CALL FOR PAPERS: Workshop and special issue on the rise of anti-gender and anti-feminist discourse in international politics



The Rise of Anti-gender and Anti-feminism Discourses in International Politics and Feminist Responses



In recent years, there has been a noticeable surge in anti-gender and anti-feminist discourses in international politics. Politicians, policymakers, and diverse societal actors in various countries challenge or reject feminist ideas and gender-related concepts, as well as support policy changes that erode the structures and institutions that have been instrumental in upholding women's rights, promoting gender equality, and protecting the rights of LGBTQ people. The special issue seeks to explore the multifaceted nature of these discourses, examining their origins, implications, and potential impacts on domestic, regional, and international levels. Additionally, it aims to identify strategies and opportunities for feminist resistance and advocacy in the face of the backlash. 


With the multiplying global divisions around feminism and gender equality in recent years, pro- and anti-gender equality discourses play an increasingly meaningful role in national and international “politics of belonging” (Yuval-Davis 2006). A growing number of states incorporate pro-gender equality principles not only into their domestic agendas but also into their foreign policies. Many international organizations—from the United Nations to the World Bank—institutionalize and mainstream gender equality discourses, weaving them into the fabric of international development strategies. At the same time, nationally and internationally a diverse array of political actors contests these normative changes.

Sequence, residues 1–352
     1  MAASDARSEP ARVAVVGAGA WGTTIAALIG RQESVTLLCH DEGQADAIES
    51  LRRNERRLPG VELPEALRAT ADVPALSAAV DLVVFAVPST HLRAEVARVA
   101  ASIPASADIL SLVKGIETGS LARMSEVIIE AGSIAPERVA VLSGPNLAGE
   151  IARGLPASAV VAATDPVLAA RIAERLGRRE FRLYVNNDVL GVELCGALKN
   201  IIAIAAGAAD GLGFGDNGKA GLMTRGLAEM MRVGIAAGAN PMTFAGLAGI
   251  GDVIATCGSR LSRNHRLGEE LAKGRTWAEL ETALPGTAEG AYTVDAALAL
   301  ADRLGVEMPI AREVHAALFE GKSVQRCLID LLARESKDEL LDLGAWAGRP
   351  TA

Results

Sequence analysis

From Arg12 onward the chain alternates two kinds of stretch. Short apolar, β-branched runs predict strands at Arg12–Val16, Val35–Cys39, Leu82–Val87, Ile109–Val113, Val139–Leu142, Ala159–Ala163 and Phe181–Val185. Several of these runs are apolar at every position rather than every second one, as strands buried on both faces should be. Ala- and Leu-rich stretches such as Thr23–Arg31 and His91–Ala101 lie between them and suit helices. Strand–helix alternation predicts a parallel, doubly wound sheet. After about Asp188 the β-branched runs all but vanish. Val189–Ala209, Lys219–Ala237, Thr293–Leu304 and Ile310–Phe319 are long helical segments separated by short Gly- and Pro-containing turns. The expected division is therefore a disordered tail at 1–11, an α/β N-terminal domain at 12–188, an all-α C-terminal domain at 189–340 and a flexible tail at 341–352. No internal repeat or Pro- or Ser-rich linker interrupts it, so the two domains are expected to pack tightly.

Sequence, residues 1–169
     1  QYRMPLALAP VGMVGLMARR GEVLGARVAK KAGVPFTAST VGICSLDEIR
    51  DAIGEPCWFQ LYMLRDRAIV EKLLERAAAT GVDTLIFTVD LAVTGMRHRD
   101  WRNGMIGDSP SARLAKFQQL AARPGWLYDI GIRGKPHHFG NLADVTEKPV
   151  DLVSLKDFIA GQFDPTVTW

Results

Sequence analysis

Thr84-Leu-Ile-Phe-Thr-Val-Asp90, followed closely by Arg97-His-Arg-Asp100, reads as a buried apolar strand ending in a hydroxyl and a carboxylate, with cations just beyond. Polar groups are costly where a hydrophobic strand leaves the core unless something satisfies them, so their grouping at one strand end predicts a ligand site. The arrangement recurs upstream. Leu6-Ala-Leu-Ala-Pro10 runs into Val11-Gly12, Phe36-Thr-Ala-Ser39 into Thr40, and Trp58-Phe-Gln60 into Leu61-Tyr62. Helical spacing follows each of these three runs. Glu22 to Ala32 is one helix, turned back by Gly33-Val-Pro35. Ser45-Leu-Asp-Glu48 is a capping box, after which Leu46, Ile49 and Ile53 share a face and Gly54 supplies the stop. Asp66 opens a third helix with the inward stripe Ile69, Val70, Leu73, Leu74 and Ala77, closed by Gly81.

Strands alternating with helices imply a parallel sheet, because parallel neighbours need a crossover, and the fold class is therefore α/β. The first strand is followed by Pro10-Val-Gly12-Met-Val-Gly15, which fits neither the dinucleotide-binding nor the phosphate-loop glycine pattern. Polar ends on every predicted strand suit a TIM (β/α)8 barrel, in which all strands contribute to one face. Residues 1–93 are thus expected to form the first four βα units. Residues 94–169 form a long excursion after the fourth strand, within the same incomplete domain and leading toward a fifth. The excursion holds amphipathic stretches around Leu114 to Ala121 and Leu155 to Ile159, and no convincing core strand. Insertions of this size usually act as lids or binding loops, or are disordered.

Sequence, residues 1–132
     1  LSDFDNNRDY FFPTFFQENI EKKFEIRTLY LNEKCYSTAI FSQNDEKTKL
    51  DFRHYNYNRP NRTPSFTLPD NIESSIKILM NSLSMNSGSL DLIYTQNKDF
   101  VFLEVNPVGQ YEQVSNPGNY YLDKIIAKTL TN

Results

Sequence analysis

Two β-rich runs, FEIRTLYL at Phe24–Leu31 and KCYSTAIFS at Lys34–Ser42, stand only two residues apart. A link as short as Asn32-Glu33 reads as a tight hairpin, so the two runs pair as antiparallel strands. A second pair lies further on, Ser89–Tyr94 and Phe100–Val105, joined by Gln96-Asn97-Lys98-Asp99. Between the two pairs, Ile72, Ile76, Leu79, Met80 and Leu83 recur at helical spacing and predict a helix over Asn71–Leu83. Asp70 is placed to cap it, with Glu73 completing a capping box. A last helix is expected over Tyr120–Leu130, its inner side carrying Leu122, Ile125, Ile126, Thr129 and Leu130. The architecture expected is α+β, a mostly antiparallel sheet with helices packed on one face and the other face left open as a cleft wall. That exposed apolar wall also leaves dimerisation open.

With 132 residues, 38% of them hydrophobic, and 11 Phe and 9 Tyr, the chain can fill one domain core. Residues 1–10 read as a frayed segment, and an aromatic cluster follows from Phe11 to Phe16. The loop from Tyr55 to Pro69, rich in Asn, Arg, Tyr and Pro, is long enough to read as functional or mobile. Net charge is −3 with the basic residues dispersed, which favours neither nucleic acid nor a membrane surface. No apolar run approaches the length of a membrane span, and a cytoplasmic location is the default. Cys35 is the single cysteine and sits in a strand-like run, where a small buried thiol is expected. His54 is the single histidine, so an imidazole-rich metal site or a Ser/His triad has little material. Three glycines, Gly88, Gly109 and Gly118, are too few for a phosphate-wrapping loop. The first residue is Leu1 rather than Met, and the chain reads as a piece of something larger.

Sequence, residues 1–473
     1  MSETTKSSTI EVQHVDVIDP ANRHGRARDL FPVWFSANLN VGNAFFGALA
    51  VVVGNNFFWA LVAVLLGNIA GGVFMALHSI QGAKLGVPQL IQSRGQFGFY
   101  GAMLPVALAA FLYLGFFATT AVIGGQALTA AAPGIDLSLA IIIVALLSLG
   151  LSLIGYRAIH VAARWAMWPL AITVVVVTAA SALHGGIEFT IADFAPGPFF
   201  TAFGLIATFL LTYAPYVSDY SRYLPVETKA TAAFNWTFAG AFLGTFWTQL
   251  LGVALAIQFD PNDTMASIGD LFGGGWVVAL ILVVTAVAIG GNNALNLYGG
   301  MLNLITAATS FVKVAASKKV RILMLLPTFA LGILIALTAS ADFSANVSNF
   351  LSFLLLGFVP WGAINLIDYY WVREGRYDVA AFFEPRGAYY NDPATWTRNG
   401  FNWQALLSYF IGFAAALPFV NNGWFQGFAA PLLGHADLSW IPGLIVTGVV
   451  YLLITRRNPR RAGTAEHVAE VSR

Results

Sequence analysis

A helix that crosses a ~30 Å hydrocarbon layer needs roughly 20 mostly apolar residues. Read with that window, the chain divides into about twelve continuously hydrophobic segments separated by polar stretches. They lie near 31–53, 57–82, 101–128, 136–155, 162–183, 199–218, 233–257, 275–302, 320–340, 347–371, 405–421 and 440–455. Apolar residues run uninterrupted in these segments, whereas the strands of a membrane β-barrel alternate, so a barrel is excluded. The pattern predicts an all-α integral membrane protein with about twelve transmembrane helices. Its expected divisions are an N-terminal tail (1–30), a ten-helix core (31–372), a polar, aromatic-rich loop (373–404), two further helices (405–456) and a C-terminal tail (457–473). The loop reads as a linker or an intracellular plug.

Authoritarian states, such as Russia, act as “normative antipreneurs,” actively resisting the assimilation of pro-gender equality norms and feminist concepts, not only within their borders but also on the international stage (Edenborg 2023, Voss 2019). In many democracies, norms tied to anti-feminism and patriarchy – homophobia, transphobia, and anti-abortion stances – are experiencing a resurgence, closely intertwined with the rise of far-right ideologies (Kuhar & Paternotte 2017). Various transnational movements actively challenge same-sex marriage, sex education, and other phenomena they perceive as dangerous manifestations of “gender ideologies” (Harsin 2018, Rothermel 2020). Populist politicians further exploit these sentiments during election campaigns, capitalizing on criticism of feminist and gender equality movements (Avelar et al. 2022, Junn 2017, Vučković Juroš et al. 2020). Moreover, by allowing the convergence of agendas between conservative actors in the religious and political fields, the anti-gender discourses function as a “symbolic glue,” giving ideological binding to reactionary initiatives and facilitating systems of alliances (Kováts & Põim, 2015). For instance, right-wing political parties like Poland's Law and Justice Party and Hungary's Fidesz-KDNP coalition are actively changing legal frameworks and social policies, effectively dismantling the structures and institutions that have been instrumental in upholding women's rights (Dietze & Roth 2020).